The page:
THE current school reform movement has demonstrated that educators, governors, business and labor leaders, legislators, and citizens from every walk of life have a common stake in education improvement and can work together effectively to bring it about. As the reforms take hold, a set of continuing and difficult problems has been revealed -- that for perhaps 25 percent to 30 percent of the students, schools and the reforms do not work. Consider the following:
About 28 percent of America's 17- and 18-year-olds do not graduate from high school. In some urban areas, and for some groups -- low income, minority, the handicapped -- the problem is much worse.
Hispanics have the highest dropout rate of any ethnic group: Almost half who enter high school do not finish. In New York the rate is 80 percent; Chicago, 70 percent; Los Angeles, 50 percent.
Between 1970 and 1983, the US economy created jobs for 22 million new workers. Nineteen percent of these jobs went to youths between 16 and 24. One-tenth of 1 percent went to black male youth.
While nearly 7.1 million new jobs have been created since November 1982, teen-agers, who represent 18 percent of the unemployed, have suffered a net loss of nearly 34,000 jobs.
Thirty-two percent of 16- to 24-year-old blacks and minorities are neither in school nor employed.
The costs of not addressing the needs of so many young people are staggering. Students who drop out and lack employment skills are more often unemployed than others. They have higher crime and delinquency rates. They pay little in taxes, appear more often on welfare rolls, and nationally represent a $20 billion-a-year loss.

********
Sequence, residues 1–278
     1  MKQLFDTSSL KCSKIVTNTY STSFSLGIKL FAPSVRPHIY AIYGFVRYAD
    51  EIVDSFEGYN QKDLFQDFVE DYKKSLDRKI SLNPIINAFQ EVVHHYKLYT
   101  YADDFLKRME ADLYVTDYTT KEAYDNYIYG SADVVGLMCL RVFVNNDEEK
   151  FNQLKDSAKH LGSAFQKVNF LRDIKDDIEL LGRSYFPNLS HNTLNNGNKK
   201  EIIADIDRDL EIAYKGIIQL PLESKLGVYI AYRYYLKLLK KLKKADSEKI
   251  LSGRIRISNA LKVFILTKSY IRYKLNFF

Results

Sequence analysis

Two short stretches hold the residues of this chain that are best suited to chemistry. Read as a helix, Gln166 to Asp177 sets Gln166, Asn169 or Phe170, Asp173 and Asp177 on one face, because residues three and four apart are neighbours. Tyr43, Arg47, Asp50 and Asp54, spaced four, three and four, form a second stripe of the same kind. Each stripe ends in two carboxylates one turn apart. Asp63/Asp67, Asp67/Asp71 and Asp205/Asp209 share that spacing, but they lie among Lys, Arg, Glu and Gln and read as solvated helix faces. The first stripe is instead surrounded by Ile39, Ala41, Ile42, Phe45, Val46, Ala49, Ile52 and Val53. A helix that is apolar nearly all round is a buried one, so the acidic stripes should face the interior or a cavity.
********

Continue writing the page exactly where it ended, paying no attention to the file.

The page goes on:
At-risk young people also constitute a threat to our political stability. A society in which two-thirds to three-fourths of the population becomes steadily more affluent while the remainder -- including a disproportionate share of minorities -- spirals downward, simply will not work. Addressing this issue, then, is not a matter of social responsibility alone. It is an urgent task central to the country's further economic and social development.
The momentum of educational reform must spread beyond the educational system and become a momentum for opportunity in all sectors of our society. The recent intense involvement of business and labor leaders in reform is therefore most promising. There are now more than 46,000 partnerships between schools and businesses, civic organizations, colleges and universities, foundations, and government agencies. These collaborative arrangements point the way from education reform to a broader, more coherent youth policy.
Central to this policy should be youth service. We have sporadically provided young people opportunities to serve their country through work in conservation, national defense, third-world assistance, support for the elderly, or community rebuilding. The California Conservation Corps and the San Francisco Conservation Corps are successful service models.
Such programs are rich in benefits for the young people in them, as well as for the community, state, or nation they serve. Participants develop responsibility, independence, skills and knowledge, and the pride that comes with accomplishment and civic involvement. Communities receive services they could not otherwise afford and the satisfaction of knowing that the energies and talents of their young people are being well invested. Youth unemployment, apathy, declining civic involvement, passivity, and education can all be attacked at once.
There are other options. Youth enterprise opportunities could be greatly expanded. We need alternative schools for at-risk students unable to learn in traditional settings. Work-study programs have been very successful on a limited scale. Programs such as Cities in Schools bring support resources to students with many problems. There are residential training programs, stay-in-school programs, and transition programs based on the Jobs for Delaware's Graduates model.
There are many approaches to helping at-risk young people that help the community at the same time. We need now to move from hundreds of such successful programs, mostly isolated from each other, to thousands in close contact with one another.
Charles S. Robb, governor of Virginia, is chairman of the Education Commission of the States.